1970-1989: A modicum of peace, then more coups
The Addis Ababa Agreement of 1972 precipitated the Southern Provinces Regional Act and saw the South become a self-governing region, comprised of the three provinces of Bahr El Ghazal, Equatoria, and Upper Nile – these were then further sub-divided into three additional provinces, namely Lakes, Jonglei and Eastern Equatoria. A framework of self-government was created, including a parliamentary system. For ten years, North-South relations were to run smoothly. In June 1983, however, Nimeiri decreed the creation of three regions in the South. The proposal for this declaration originated in Equatoria with Joseph Lagu, whose objective was to end Dinka domination of the South.
With his popularity in freefall, Nimeiri sought to pacify his critics and silence opposition by manipulation of religion – he Islamicised the laws by replacing al the statutes with the principles of Sharia. This angered the non-Muslim South in particular, where discontent was already brewing after Nimeiri announced his plans to re-divide the region. Out of this, the Sudanese People’s Liberation Movement (SPLM) was created, with a military wing, the Sudanese People’s Army (SPLA). The primary goal of the SPLM was not that of secession, but rather progressive change for Sudan as a whole.
For Southerners, Nimeiri’s changes were merely a means of limiting their access to the centre of power in Khartoum, especially in light of the new oil discoveries. The South believed that oil would bind Washington to the North. But Nimeiri’s regime was collapsing by this stage and in the period immediately preceding the coup that toppled Nimeiri, it seems likely that the US and other Western powers encouraged a campaign to get rid of him. On 6 April 1985, a bloodless coup took place, and Nimeiri was deposed.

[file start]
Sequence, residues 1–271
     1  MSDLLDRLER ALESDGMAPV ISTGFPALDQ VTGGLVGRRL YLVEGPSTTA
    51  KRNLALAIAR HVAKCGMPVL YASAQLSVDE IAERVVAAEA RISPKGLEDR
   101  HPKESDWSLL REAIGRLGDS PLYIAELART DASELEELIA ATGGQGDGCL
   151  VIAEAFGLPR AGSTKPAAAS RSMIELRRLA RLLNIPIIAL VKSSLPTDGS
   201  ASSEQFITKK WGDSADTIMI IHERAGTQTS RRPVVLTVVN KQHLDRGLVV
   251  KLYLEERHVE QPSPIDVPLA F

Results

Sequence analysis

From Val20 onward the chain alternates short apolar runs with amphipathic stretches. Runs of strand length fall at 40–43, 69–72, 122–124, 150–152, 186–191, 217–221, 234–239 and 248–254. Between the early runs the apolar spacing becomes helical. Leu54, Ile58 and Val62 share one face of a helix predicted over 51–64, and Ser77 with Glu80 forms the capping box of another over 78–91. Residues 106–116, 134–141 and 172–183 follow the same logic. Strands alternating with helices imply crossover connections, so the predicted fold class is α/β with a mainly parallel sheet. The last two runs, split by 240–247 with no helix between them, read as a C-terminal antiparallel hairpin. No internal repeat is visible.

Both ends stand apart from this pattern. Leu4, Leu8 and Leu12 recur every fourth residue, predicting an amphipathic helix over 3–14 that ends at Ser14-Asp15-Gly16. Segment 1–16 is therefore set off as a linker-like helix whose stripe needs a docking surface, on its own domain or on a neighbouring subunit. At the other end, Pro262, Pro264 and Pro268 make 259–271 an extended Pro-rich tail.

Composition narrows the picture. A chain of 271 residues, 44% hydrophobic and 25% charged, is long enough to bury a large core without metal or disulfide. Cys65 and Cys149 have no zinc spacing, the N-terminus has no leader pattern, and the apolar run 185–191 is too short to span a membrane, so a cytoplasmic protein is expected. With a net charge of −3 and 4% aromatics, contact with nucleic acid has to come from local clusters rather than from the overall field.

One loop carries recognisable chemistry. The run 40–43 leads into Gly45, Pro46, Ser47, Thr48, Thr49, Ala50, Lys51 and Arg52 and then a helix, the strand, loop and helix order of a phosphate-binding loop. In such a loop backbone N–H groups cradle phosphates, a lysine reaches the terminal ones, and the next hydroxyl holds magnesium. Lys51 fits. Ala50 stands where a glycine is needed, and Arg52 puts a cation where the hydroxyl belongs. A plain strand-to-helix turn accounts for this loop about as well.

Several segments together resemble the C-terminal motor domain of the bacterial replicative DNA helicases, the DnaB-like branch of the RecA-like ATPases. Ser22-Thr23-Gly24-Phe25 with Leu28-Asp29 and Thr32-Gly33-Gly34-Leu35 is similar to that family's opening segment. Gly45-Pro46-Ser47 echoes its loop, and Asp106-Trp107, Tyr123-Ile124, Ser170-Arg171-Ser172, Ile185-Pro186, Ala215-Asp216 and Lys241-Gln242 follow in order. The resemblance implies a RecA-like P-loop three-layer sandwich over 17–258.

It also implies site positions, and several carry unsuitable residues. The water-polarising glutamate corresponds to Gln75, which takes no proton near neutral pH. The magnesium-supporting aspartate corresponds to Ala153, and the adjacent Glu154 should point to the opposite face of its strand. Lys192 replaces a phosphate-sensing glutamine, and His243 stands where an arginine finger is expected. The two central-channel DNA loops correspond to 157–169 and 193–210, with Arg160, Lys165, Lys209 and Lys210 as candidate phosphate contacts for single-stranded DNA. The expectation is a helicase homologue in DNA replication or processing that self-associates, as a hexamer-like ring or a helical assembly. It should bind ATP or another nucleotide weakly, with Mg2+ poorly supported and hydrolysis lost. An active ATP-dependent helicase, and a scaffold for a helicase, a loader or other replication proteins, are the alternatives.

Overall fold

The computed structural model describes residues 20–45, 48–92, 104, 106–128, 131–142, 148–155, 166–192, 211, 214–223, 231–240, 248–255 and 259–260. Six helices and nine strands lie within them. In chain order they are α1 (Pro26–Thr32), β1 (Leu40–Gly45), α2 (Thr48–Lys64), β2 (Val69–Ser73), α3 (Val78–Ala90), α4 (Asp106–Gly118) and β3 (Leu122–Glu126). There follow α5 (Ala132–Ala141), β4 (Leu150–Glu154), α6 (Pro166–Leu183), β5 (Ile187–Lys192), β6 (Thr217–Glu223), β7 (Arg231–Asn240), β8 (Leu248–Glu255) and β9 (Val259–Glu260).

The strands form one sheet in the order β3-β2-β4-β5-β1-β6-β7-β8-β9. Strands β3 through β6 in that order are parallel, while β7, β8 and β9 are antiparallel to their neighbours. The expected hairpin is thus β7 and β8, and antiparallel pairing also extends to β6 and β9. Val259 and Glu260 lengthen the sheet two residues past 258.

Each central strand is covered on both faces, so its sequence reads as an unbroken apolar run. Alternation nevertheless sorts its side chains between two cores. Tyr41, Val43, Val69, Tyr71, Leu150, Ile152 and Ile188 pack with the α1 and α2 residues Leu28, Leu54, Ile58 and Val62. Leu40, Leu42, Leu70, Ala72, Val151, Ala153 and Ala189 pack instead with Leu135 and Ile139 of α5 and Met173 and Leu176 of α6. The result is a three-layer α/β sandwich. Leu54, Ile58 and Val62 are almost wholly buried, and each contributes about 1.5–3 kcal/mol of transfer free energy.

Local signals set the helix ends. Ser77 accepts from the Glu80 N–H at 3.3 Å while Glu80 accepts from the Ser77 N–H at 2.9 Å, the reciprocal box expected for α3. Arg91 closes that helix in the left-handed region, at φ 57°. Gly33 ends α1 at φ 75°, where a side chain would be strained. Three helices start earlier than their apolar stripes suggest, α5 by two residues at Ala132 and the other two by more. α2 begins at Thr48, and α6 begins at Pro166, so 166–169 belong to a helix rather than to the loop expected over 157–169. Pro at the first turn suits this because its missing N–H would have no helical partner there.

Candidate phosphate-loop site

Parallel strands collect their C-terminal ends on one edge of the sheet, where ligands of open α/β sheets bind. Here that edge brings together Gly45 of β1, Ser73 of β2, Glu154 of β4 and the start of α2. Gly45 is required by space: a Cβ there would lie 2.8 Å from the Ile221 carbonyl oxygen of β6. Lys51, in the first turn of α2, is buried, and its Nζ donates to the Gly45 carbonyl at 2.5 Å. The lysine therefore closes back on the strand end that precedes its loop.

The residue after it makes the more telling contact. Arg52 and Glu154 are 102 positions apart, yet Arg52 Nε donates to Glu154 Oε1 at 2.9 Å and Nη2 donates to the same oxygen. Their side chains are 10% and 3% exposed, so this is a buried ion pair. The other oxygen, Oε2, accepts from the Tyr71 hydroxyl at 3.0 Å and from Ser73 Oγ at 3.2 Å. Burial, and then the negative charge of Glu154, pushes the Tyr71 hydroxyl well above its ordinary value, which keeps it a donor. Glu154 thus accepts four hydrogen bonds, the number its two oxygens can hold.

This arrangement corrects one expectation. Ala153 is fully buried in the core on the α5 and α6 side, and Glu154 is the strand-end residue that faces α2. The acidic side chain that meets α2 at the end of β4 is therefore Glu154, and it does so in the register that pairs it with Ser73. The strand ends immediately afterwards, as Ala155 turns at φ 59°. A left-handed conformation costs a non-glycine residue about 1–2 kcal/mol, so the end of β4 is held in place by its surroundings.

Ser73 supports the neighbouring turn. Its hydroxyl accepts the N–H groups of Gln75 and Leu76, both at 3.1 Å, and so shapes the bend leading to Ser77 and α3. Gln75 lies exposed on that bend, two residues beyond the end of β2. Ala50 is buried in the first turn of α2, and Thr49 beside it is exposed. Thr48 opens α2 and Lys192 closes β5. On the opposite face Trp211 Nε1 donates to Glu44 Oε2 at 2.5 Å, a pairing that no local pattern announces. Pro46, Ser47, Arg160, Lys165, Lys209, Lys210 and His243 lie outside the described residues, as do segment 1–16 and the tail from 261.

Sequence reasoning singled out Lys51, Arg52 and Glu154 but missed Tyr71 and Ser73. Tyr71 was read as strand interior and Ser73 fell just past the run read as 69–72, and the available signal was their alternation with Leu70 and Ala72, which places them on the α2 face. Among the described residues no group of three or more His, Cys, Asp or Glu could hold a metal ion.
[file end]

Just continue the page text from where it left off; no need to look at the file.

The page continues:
The Transnational Military Council (TMC) ruled Sudan until elections were held in April 1986, where the UP’s Sadiq al-Mahdi won a majority; in the South, voting in 37 of 68 seats was suspended due to violence. In an effort to end the civil war, Mahdi held talks with Christian Dinka, Garang – nothing came of the talks. After re-election in 1988, Mahdi agreed with the three main parties (UP, DUP and NIF) to implement an Islamic code; he stressed, however, that this would not infringe the rights of non-Muslims.
Another bloodless coup took place in June 1989, by army officers who had been pressing for peace in the South. Negotiations had stalled due to the NIF wanting to impose Sharia on the South. The new government was headed by Gen. Omar al-Bashir, and was welcomed by Egypt and, more discreetly, by Britain and the US. Garang was distrustful of Bashir, however, and wanted to leave the question of Sharia to a national referendum. It soon became apparent that Sudan was set for military rule and Islamist politics when the NIF moved swiftly to repress other political parties.
Two coup attempts followed Bashir’s 1989 bloodless coup, however, by the end of 1990 Bashir appeared more secure; he continued the war with the SPLM. In October 1993, the Revolutionary Military Council disbanded and Bashir reverted to civilian rule, with Bashir as its president. Fighting grew fiercer in the South, with the government launching massive military campaigns which saw the displacement of another 100,000 people. In 1996, Khartoum accused Uganda of assisting the SPLA, who in turn accused Bashir of supporting the Lord’s Resistance Army in northern Uganda.